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March 27, 2005

A Bio

Someone whose name I forget told me something I'll always remember: You never know what effect your writing is going to have on someone. She told me this face to face after having read what I had been writing on the net for several years. I was shy at the moment and didn't know how to respond. In fact, I don't recall her face either. It is for this reason that I find myself in the uncomfortable position of describing myself.

I have been invited to guest blog at the Agonist, and it is only proper that upon reaching untold hundreds of new readers that I should introduce myself. I know exactly who I am, but I never know how my own self-description will effect others. And so the task is fraught with stochastic possibilities and I have no idea which tack will bear the most weight of your attention as I pick events to scribble about. That should give me some courage, after all it was I who said, in 1996: "Sooner or later, I must deal with the possibility that I am an individual, and as such should say something entirely ideosyncratic." Before I start this version you should know about these:

  • NYU Interview
  • A Casual Career Narrative
  • Interview With The Boohab
  • Cute Baby Pictures

    I am also the founder of the Conservative Brotherhood as well as Vision Circle

  • Here goes:

    Michael David Cobb Bowen, born in 1961 in Oceanside CA is the father of three and husband of Cynthia Dexter of Detroit, MI. His primary profession is a Data Architect and he has been recently hired by nationwide software & business management consulting firm. He specializes in business intelligence, data warehousing and financial reporting. Mr. Bowen studied Computer Science at Cal State and USC and founded a number of small consulting businesses. During his college career, he was twice elected National Finance Officer for the National Society of Black Engineers and was Chapter Secretary & founding line of Alpha Phi Alpha Fraternity. He was thrice nominated and thrice declined Outstanding Young Man of America. He served on the Associated Students Senate Finance Committee and as Student Advisor to the Minority Engineering Program.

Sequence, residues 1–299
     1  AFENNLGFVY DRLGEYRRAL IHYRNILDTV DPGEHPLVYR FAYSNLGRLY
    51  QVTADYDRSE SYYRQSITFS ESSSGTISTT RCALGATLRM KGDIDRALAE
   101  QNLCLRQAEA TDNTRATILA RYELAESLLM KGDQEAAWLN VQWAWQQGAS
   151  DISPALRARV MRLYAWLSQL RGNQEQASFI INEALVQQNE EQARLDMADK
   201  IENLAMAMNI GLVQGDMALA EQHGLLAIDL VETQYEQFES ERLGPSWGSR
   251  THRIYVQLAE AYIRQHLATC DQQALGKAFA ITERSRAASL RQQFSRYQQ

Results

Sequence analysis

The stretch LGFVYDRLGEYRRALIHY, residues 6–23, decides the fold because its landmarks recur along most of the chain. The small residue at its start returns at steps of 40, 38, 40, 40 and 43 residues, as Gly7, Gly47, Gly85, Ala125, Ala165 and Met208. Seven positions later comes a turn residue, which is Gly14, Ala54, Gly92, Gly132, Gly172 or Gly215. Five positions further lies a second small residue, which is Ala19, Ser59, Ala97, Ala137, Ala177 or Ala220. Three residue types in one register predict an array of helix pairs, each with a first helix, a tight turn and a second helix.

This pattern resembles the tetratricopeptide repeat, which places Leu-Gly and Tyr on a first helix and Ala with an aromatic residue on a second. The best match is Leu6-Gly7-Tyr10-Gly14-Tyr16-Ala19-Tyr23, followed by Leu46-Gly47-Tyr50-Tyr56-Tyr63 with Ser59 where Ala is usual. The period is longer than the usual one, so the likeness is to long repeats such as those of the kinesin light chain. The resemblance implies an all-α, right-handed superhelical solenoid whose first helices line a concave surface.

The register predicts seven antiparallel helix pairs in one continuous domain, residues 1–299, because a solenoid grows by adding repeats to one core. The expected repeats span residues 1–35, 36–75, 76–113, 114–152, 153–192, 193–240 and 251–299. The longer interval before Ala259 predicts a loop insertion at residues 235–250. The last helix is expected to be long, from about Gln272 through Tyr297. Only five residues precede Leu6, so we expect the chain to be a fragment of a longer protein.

The more I go back into my past, the more recognizable the honors become. By the third OYM nomination I tired of them all. I was one of those Young Gifted and Black pseudo prodigies from a Catholic prep school who got dressed up as the role monkey. I both fell off the fast track and jumped, but I was never prepared for the anonymity of the world.